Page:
and like a root out of dry ground.
He had no beauty or majesty to attract us to him,
nothing in his appearance that we should desire him.
Matthew 1: 18-19
This is how the birth of Jesus the Messiah came about: His mother Mary was pledged to be married to Joseph, but before they came together, she was found to be pregnant through the Holy Spirit. Because Joseph her husband was faithful to the law, and yet did not want to expose her to public disgrace, he had in mind to divorce her quietly.
Jesus’ birth to the legalistic Jew would have been a huge disgrace to those who didn’t believe Mary and Joseph. People would have pushed them both away, not drawn near to them and seen their infant son, Jesus, as a child born out of sin.
3 He was despised and rejected by mankind,
a man of suffering, and familiar with pain.
Like one from whom people hide their faces
he was despised, and we held him in low esteem.
Matthew 2:13, 16
When they had gone, an angel of the Lord appeared to Joseph in a dream. “Get up,” he said, “take the child and his mother and escape to Egypt. Stay there until I tell you, for Herod is going to search for the child to kill him.”…When Herod realized that he had been outwitted by the Magi, he was furious, and he gave orders to kill all the boys in Bethlehem and its vicinity who were two years old and under, in accordance with the time he had learned from the Magi.
This is the world Jesus stepped into as an infant: people trying to kill him and Kings killing innocent children.
When Jesus saw her weeping, and the Jews who had come along with her also weeping, he was deeply moved in spirit and troubled. “Where have you laid him?” he asked. “Come and see, Lord,” they replied. Jesus wept.
Matthew 26:47-49, 56
While he was still speaking, Judas, one of the Twelve, arrived. With him was a large crowd armed with swords and clubs, sent from the chief priests and the elders of the people. Now the betrayer had arranged a signal with them: “The one I kiss is the man; arrest him.” Going at once to Jesus, Judas said, “Greetings, Rabbi!” and kissed him…Then all the disciples deserted him and fled.
Jesus’s friend, Judas, betrays him and then ALL of them flee from Him in His time of trouble and suffering.
4 Surely he took up our pain
and bore our suffering,
yet we considered him punished by God,
stricken by him, and afflicted.
The people stood watching, and the rulers even sneered at him. They said, “He saved others; let him save himself if he is God’s Messiah, the Chosen One.” The soldiers also came up and mocked him. They offered him wine vinegar and said, “If you are the king of the Jews, save yourself.” There was a written notice above him, which read: this is the king of the jews. One of the criminals who hung there hurled insults at him: “Aren’t you the Messiah? Save yourself and us!”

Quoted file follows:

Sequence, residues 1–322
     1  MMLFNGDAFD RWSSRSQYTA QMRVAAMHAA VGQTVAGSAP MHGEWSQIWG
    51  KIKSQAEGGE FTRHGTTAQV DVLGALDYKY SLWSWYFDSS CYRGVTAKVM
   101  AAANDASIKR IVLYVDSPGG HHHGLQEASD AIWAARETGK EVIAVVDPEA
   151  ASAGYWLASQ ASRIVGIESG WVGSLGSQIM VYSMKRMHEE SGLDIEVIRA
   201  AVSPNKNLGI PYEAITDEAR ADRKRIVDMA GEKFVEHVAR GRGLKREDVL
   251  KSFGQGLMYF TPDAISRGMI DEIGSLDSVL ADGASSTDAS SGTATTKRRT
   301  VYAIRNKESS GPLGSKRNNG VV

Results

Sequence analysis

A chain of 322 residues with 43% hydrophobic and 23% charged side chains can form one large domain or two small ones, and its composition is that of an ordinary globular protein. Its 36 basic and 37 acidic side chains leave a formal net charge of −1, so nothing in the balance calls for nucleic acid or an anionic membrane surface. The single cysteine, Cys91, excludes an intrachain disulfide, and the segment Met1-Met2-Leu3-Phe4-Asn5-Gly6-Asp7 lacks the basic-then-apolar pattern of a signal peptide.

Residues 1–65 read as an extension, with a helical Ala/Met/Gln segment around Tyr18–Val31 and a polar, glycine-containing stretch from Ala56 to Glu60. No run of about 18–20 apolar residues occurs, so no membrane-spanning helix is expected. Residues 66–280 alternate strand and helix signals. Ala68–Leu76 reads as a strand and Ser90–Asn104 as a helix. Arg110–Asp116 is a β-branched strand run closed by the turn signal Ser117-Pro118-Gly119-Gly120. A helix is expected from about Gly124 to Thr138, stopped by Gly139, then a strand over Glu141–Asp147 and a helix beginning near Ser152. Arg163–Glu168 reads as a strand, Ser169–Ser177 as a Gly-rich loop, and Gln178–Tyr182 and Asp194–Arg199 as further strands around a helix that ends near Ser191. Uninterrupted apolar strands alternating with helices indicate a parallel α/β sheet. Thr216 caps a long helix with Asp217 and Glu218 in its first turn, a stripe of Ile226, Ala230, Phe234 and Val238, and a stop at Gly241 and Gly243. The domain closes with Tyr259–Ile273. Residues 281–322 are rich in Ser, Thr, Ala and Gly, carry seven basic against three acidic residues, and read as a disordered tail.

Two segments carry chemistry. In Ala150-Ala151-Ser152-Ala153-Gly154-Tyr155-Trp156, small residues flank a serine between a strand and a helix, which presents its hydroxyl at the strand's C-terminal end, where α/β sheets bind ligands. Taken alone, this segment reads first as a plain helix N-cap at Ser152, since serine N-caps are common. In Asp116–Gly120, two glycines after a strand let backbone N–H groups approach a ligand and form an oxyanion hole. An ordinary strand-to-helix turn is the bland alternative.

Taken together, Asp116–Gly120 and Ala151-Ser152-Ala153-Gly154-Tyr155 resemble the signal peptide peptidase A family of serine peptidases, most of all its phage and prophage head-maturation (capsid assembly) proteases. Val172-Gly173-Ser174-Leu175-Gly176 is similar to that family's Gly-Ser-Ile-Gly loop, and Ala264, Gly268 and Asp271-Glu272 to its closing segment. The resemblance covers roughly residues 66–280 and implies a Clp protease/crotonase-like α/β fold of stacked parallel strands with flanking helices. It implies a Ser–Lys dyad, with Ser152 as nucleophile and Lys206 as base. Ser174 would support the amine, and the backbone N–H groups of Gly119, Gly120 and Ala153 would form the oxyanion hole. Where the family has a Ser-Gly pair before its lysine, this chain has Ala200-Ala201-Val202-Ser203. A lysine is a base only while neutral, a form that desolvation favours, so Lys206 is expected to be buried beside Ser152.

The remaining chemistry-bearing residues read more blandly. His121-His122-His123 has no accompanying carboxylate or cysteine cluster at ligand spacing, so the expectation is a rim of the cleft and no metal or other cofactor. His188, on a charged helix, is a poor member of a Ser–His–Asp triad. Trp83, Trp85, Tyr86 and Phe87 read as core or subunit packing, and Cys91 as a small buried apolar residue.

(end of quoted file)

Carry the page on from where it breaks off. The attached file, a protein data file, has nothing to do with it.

5 But he was pierced for our transgressions,
he was crushed for our iniquities;
the punishment that brought us peace was on him,
and by his wounds we are healed.
“The victim’s back was first torn open by the scourging, then opened again as the congealing, clotting blood came off with the clothing that was removed at the place of crucifixion. When thrown on the ground to nail the hands to the crossbeam, the wounds were again opened, deepened, and contaminated with dirt. With each breath attached to the upright cross, the painful wounds on the back scraped against the rough wood of the upright beam and were further aggravated. Driving the nail through the wrist severed the large median nerve. This stimulated nerve produced bolts of fiery pain in both arms, and often resulted in a claw-like grip in the victim’s hands. Beyond the severe pain, the major effect of crucifixion inhibited normal breathing. The weight of the body, pulling down on the arms and shoulders, tended to lock the respiratory muscles in an inhalation state, thus hindering exhalation. The lack of adequate respiration resulted in severe muscle cramps, which hindered breathing even further. To get a good breath, one had to push against the feet and flex the elbows, pulling from the shoulders. Putting the weight of the body on the feet produced more pain, and flexing the elbows twisted the hands hanging on the nails. Lifting the body for a breath also painfully scraped the back against the rough wooden post. Each effort to get a proper breath was agonizing, exhausting, and lead to a sooner death,” (Edwards) (Guzik).